Future Traditions Festival, a multimedia festival, explored digital technology as a collaborative tool for extending and facilitating traditional Latin American music and dance in the 21st century. The virtual festival, streamed from Dec 4-6 and featured a special digital project by Miami’s own Las Raras. We go the scoop from Ana Maria Morales who gave us all the deets on the festival, her featured work, and her future plans. Check it.
How has 2020 and the pandemic helped or hindered your growth as an artist?
The pandemic has given me a moment to pause and reflect. Visual design has always been on my table but during this pandemic, I had to seek refuge in those designs and skills. With this new work from Las Raras, you see the transition of my style bringing my lighting design elements into my video manipulation. Creating a new genre for myself I am excited to show.
Creating estimulame.com an online library of content with playlists integrating live sessions from visual and sound artists from all around the world. The platform is for all genres of music and video, submissions are welcome! The goal of Estimulame is to have access to a sound and visual library wherever you go.
How have you taken advantage of the digital space to create or promote your work?
With an alluring audience, the digital space has lent itself to distant collaborators or reach far-away audiences in experimental design, Future Traditions Fest has the curation of neo-traditional work fused with multimedia. It is definitely a festival to look for in the future and a great platform for cutting edge performances.
How did you get involved with Future Traditions Fest?
Tambores del Pueblo, a Puerto Rican bomba group, wanted to work with us to create an Afro-futuristic audiovisual journey. We decided to create a suite of five videos that evoke a sense of multiplicitous time-space travel. My collaborator in Las Raras, Jeannelle Ramirez, produced the audio to create that ambiance. I brought everything to life, visually. I worked with some footage from past performances, layered and manipulated with my own footage and original video design.
The group really wanted to convey a sense of freedom and possibility, and so you see elements in the video that evoke that. Like for example, with a song called “A Mi Manera” we all talked about having it represent a kind of queer anthem, and maybe that’s the futuristic part of it. But then we also had songs like “Boricua Soy” which have more of the Afro-Puerto Rican pride and we wanted to convey that sense of love for the island, for where you come from, through this beautiful imagery and sound, so I played with symbolism color and texture throughout to create moods in which the spectator could travel through.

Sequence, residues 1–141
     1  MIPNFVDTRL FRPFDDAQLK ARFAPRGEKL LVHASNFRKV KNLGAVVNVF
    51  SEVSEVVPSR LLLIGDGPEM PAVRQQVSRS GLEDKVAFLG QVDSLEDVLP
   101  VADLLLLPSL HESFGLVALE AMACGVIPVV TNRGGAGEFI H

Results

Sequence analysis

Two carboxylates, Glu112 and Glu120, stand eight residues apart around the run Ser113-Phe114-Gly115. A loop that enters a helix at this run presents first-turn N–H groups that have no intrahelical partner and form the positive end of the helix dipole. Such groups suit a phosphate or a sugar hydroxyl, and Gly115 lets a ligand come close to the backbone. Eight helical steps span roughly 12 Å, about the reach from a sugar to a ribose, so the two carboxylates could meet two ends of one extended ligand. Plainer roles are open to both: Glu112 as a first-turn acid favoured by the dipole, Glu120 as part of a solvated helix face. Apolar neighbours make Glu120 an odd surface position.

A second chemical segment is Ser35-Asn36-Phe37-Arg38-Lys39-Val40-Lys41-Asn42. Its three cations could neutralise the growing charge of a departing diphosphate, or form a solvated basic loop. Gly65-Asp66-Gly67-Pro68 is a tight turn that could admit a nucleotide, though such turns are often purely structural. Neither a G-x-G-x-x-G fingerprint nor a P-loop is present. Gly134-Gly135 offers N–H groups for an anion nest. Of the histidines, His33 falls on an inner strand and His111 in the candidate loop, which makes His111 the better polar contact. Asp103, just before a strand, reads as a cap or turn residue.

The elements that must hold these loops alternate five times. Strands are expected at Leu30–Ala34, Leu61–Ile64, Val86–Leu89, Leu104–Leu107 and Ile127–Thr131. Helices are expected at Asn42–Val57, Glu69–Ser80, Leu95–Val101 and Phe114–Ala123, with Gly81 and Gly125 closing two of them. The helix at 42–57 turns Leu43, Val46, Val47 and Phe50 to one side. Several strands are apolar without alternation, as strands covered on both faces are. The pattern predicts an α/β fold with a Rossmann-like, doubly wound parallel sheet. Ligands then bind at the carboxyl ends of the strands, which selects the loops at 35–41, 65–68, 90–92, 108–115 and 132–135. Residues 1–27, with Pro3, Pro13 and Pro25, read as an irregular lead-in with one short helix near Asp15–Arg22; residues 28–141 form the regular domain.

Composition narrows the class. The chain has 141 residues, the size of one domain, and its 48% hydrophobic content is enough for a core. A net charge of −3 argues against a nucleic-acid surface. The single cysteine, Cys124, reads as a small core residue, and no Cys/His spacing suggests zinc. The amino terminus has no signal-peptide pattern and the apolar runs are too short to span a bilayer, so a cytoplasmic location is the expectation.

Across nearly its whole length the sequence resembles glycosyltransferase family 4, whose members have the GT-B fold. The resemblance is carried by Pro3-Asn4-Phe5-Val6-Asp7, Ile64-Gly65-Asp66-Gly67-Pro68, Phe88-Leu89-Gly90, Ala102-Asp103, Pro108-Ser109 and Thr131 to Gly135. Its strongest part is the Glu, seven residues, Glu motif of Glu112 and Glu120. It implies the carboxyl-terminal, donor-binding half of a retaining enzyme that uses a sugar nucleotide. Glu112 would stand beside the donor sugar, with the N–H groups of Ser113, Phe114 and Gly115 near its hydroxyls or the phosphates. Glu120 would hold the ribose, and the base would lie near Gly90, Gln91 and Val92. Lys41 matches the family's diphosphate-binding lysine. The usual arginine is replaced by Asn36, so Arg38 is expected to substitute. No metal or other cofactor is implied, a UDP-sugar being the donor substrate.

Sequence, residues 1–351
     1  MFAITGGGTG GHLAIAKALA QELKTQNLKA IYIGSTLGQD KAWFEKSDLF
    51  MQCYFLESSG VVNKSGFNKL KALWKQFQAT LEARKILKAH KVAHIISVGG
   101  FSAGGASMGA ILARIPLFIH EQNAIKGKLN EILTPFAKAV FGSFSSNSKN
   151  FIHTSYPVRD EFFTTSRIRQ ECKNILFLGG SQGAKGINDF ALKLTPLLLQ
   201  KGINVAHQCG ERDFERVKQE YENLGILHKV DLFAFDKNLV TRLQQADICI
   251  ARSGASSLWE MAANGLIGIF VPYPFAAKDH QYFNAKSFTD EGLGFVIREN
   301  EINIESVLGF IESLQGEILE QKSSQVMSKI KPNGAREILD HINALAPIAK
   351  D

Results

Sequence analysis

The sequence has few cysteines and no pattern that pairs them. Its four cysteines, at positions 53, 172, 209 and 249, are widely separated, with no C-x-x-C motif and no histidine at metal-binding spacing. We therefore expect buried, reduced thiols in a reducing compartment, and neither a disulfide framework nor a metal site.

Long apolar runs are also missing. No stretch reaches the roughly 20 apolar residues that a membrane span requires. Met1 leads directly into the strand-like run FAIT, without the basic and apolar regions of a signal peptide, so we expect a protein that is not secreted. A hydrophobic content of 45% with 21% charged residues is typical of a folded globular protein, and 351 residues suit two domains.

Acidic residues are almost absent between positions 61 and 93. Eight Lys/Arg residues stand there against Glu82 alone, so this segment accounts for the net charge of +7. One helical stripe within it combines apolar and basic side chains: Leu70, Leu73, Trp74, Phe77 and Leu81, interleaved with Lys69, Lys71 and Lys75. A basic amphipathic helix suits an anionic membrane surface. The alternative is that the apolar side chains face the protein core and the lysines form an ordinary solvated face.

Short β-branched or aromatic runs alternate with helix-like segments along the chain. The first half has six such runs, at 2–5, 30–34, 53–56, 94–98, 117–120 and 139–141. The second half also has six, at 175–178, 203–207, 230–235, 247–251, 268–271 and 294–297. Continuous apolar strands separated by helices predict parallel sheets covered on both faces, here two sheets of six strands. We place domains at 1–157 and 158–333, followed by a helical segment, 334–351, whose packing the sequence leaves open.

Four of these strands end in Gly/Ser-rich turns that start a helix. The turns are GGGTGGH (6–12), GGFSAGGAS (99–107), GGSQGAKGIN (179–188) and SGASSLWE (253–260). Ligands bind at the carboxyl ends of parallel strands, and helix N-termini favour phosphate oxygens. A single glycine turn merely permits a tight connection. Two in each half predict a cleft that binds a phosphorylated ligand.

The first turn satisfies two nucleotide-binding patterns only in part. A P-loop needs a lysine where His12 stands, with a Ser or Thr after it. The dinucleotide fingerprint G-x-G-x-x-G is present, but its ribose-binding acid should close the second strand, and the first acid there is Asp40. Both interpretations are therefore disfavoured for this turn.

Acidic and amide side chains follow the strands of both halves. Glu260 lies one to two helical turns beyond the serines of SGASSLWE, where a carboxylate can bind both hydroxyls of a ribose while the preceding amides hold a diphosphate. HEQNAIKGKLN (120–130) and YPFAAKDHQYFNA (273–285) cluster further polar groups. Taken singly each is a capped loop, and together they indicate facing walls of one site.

Tell us about the work you presented on the platform, was it created specifically for Future Traditions?
The work was a collaboration with my other partner from Las Raras which is a collective that was formed a couple of years ago to integrate Visuals and Sound designs. This collab was with a group Tambores del Pueblo, some of the footage used was from past performances they were part of along with my own layer manipulations.
Can we still view the work/presentation? How? Where?
Yes, you can watch the “Cuando no te ven” video, submitted for Future Traditions Fest right here on Tropicult (below) and on futuretraditionsfest.com/, along with many others. This and some other samples of my work are also available on Estimulame.com and Las Raras website.
How/where can we keep up with your work and other projects?
You can keep up with my work by following me on my Instagram @cabbablee and @lasrarxs. And by visiting, Digital Baths, Las Raras, and Estimulame.
Future Traditions Fest featuring DJ Ella Ella, composer José Martinez’s artist talk, an artist talk by Angelica Negrón. Plus, a showcase of Experimental Video Shorts New Music Performances, and a Farewell Showcase featuring María Chavez! To learn more about our artists, please visit our website!more »